To test is to think creatively.
Working in agile environments, rather than more traditional ones, demand much more of their testers. Testers need to balance their innate bias for quality with the need for shipping working software to customers asap. Testers need to adapt to this changing environment, and fast!
Testers need to be creative, not artistic
For me, creativity simply means problem-solving. Even though the words “artistic” and “creative” are used interchangeably by most, they have different, although related meanings. Being artistic is a gift the lucky few are blessed with. Being creative is something you choose to be. It’s the way you choose to view problems. It’s the lens you see the world through. For the purposes of this article, I’m going to focus on the problem solving/creativity side of things, not the artistic side. The side we all possess but most ignore. Sir Ken Robinson’s explains why and where we lost our creative way in his Ted Talk about creativity.
The Problem with Checkers
Checkers, not testers, are most comfortable when handed comprehensive requirement docs where every error scenario and edge case is explained in minute detail. The only critical thinking required was how best to re-word a functional spec doc to create a test script! Such work required minimal brain power and as a result, a checker’s cognitive capacities were rarely, if ever, stretched. Creativity is like any other muscle in your body. If you put it under a short burst of strain, followed by a period of rest, it will expand and grow. Conversely, failure to use a muscle for prolonged periods (think about removing a broken arm from a cast after 2 months) leads to weakness and atrophy. Thankfully you can strengthen your creative “muscle”; you just need to exercise it!
If you want to run a marathon, you need to train several times a week. If you don’t want to lose your second language, you need to speak it regularly. In the same vein, if you want to be more creative, at the very least, you need to start reframing your thoughts and ideas. Here’s really good article about (non-testing related) reframing techniques. And here’s one about reframing and innovation.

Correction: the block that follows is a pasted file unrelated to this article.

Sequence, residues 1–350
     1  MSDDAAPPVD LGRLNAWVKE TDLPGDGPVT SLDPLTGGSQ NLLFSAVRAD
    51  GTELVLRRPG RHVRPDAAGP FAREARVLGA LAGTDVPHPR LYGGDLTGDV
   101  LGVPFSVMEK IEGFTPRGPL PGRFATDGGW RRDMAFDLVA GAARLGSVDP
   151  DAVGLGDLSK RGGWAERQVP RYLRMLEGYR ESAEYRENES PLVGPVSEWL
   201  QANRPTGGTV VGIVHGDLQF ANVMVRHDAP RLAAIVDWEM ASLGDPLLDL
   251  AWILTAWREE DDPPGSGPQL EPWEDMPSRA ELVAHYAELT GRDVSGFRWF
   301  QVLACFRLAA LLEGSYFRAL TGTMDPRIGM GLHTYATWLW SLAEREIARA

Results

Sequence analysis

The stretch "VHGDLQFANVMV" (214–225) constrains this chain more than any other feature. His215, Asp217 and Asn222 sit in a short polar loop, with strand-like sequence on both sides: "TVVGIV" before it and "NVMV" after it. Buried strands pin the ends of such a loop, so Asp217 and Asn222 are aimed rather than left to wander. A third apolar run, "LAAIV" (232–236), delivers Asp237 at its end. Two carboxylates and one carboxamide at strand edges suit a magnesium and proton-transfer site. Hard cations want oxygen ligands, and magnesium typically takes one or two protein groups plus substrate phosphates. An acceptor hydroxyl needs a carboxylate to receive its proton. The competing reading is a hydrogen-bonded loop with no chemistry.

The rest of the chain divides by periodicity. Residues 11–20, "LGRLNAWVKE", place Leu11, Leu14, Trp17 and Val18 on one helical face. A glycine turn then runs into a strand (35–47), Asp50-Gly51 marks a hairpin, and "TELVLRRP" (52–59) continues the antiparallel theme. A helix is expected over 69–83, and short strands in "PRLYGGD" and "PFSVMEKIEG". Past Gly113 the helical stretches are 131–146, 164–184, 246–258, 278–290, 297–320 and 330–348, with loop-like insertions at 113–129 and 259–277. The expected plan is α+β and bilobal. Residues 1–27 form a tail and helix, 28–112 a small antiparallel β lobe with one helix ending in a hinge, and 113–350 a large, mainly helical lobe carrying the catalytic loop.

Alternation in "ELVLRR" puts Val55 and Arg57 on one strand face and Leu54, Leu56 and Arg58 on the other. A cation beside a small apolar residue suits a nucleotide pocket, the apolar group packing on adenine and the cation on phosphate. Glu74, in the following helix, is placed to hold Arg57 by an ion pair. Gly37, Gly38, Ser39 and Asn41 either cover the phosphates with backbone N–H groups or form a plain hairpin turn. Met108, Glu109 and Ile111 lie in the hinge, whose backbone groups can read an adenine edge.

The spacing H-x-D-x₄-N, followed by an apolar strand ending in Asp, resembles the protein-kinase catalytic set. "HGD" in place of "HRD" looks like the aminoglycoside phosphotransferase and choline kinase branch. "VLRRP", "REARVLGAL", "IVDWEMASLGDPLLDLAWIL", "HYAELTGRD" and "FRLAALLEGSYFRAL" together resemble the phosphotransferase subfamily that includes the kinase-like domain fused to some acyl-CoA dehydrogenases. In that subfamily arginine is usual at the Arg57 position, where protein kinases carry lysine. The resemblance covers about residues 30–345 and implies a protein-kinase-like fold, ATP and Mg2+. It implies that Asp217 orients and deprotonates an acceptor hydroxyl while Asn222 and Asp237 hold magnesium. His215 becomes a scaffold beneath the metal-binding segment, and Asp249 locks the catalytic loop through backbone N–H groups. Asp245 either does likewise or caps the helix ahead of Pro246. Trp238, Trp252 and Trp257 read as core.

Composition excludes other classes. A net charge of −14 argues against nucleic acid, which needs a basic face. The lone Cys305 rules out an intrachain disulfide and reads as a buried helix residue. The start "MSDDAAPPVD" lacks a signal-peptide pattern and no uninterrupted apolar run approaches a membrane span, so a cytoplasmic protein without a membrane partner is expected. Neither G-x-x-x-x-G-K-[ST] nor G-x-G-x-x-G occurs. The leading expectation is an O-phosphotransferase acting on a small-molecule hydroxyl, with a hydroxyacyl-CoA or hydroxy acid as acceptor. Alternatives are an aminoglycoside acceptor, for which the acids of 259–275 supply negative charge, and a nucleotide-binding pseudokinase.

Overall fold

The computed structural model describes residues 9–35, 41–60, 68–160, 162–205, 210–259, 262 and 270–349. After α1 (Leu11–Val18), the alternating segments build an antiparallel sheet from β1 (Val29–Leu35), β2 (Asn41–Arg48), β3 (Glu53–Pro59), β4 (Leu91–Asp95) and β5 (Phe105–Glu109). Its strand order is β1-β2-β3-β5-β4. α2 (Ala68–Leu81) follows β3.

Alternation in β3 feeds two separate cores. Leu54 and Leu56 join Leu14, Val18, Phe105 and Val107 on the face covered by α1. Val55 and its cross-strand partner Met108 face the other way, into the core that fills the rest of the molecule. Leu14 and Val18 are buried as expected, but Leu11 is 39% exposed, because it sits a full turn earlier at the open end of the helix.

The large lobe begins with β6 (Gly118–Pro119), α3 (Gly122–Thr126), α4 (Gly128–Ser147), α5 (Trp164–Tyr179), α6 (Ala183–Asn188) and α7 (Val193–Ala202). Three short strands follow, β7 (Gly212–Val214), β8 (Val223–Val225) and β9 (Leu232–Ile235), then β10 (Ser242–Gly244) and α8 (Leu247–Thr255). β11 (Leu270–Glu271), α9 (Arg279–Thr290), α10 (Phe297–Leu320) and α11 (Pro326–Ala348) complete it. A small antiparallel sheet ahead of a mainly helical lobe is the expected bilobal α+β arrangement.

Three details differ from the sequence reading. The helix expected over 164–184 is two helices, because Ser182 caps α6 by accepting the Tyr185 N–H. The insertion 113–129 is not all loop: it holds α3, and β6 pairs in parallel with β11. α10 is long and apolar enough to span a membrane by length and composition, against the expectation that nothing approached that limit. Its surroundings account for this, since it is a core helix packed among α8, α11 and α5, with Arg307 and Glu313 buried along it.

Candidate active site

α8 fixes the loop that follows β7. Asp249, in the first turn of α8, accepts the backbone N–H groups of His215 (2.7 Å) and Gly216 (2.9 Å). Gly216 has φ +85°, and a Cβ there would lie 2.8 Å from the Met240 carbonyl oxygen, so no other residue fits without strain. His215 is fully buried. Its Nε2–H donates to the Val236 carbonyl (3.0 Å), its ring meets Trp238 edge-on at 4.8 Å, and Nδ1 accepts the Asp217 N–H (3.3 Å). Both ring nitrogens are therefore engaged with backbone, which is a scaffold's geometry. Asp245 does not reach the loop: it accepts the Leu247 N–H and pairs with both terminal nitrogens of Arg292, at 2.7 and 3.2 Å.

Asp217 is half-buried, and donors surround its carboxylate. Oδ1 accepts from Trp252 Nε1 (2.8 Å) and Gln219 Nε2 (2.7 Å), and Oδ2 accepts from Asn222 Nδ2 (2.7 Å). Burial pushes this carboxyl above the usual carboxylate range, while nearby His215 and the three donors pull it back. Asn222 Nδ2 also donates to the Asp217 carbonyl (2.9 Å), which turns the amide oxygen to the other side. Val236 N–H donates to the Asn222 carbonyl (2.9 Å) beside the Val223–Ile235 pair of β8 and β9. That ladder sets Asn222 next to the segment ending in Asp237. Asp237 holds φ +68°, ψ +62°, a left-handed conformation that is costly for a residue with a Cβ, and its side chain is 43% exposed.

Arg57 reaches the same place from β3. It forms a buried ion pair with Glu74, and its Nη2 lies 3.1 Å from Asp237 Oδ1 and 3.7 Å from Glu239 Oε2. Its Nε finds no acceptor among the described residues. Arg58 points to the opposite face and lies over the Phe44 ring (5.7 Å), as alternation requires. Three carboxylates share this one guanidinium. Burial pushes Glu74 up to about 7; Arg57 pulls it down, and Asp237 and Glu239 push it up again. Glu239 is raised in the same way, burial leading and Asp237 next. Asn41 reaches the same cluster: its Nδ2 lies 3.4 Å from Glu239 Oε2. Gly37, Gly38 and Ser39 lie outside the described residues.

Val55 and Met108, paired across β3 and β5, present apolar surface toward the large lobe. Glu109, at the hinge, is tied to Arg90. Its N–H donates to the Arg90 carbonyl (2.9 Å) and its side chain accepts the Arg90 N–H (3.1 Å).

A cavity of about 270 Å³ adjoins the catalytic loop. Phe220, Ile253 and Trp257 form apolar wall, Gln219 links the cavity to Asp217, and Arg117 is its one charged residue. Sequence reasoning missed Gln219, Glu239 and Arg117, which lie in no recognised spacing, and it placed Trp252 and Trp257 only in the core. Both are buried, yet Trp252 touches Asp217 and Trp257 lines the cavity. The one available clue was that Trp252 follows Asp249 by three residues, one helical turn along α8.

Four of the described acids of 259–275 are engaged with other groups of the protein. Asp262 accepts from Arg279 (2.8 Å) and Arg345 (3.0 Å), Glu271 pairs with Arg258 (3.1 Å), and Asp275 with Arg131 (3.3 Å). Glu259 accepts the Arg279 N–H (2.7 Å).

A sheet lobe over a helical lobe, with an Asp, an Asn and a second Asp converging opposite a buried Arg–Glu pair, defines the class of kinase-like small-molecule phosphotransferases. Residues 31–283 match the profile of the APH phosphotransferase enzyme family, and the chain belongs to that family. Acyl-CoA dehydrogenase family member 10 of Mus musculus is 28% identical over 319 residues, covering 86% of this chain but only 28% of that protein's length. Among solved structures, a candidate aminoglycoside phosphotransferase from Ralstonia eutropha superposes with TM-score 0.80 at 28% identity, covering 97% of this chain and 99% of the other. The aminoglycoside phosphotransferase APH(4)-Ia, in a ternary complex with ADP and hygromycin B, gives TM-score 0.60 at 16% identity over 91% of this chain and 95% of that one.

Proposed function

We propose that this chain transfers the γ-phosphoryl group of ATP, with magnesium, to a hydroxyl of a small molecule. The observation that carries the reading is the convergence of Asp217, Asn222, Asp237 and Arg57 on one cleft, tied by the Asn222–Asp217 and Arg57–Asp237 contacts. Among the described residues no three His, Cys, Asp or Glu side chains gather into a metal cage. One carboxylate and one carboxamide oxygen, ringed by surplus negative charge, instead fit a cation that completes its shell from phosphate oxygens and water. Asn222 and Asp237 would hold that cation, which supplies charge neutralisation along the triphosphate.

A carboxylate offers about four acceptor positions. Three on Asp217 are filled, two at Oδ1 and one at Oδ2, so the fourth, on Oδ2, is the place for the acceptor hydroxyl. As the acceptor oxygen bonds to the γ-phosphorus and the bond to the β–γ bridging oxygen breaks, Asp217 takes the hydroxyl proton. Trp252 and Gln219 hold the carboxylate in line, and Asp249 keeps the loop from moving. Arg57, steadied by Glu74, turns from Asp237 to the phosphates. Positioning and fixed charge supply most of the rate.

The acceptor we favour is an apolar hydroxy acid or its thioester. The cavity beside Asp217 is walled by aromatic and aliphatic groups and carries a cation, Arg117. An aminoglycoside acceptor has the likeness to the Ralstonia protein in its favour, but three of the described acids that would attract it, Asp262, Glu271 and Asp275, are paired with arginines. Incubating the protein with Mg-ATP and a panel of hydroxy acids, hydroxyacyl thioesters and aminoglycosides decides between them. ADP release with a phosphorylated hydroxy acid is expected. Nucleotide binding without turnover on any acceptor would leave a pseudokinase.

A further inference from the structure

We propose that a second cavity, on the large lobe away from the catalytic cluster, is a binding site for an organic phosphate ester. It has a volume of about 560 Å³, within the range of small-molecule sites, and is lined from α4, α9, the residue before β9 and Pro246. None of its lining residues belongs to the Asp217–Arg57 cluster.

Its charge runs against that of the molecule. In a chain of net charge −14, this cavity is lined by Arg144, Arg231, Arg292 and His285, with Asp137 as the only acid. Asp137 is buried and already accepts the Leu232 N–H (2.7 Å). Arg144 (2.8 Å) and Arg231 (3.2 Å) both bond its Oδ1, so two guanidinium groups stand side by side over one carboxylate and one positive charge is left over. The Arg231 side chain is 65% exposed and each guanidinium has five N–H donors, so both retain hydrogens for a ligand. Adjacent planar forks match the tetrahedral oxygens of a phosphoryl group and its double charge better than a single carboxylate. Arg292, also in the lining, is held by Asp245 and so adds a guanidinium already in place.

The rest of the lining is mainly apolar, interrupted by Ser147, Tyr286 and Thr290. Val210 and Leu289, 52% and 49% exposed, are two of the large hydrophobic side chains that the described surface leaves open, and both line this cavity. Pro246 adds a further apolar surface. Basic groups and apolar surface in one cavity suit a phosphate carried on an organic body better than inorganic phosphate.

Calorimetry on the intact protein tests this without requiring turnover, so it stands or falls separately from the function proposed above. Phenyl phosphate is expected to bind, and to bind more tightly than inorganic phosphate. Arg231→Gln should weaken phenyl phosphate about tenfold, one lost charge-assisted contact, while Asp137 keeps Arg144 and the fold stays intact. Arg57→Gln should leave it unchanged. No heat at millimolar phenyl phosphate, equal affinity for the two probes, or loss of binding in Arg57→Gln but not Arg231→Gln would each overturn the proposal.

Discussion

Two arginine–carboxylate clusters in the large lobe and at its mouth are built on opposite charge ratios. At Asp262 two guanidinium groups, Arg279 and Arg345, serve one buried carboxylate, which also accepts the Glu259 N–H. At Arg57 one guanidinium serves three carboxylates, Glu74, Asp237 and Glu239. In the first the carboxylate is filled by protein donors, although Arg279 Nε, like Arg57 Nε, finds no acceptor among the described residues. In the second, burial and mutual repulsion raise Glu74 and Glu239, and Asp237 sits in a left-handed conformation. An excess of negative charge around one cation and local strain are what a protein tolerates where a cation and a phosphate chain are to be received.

Scarcity breeds innovation
The fewer resources you have, the fewer options you have, the more you need to think creatively. Testers now work in a world full of scarcities. Stories have minimal requirements (we’ve all seen the 1 liner story!). We are given a limited period of time to test. We sometimes have to test tools and technologies we have limited experience with and knowledge of. And everyone, rightly so, still expects the same levels of rigorous testing. All these constraints force us to think outside the box. Constraints should be seen as an opportunity, not a limitation. Also, we work in an environment where time (feedback loops, time to market, etc.) and not quality becomes the single most important factor in our decision-making process. Some testers can struggle to adapt to this change in mindset. We need creative thinking to solve these problems.
The brain is split into 2 hemispheres; the left for logic, language and math, the right for creativity, intuition, and art. Betty Edwards understood this and was able to break the creative process into 5 distinct stages. She explains that for the creative spark to be ignited, engagement from both sides of the brain is essential. Without it, creativity could never exist. Thinking rationally and logically is as important to the creative process as using your imagination.
Unfortunately (or fortunately, depending on how you reframe the problem!!), there is no silver bullet to becoming creative overnight. It is something you need to actively manage and practice. Betty Edwards has removed the mystery surrounding this elusive trait. She has shown us that creativity can be broken down into components. If it can be broken down; it can be understood. If it can be understood, it can be learned.
In Michael Bolton’s seminal article about checking v testing, he clearly, and simple in terms, explains the difference between the two activities. He explains a checker is “a person who needs a clear, complete, up-to-date, unambiguous specification to proceed”. While a tester’s job is to “discover information; often that information is in terms of inconsistencies between what people think and what’s true in reality”. Personally, I think the difference between testers and checkers is creativity. One engages only a small subset of the brain, the other uses it in its entirety. I have heard it said many times that the main reason we need testers in the agile world is because of their “mindset”. What they are really trying to say is testers, not checkers, think creatively and differently from everybody else.
General George S. Patton famously said:
If everyone’s thinking alike, then somebody isn’t thinking.
The world needs more people to question instructions, not follow them. The world needs more testers, not checkers.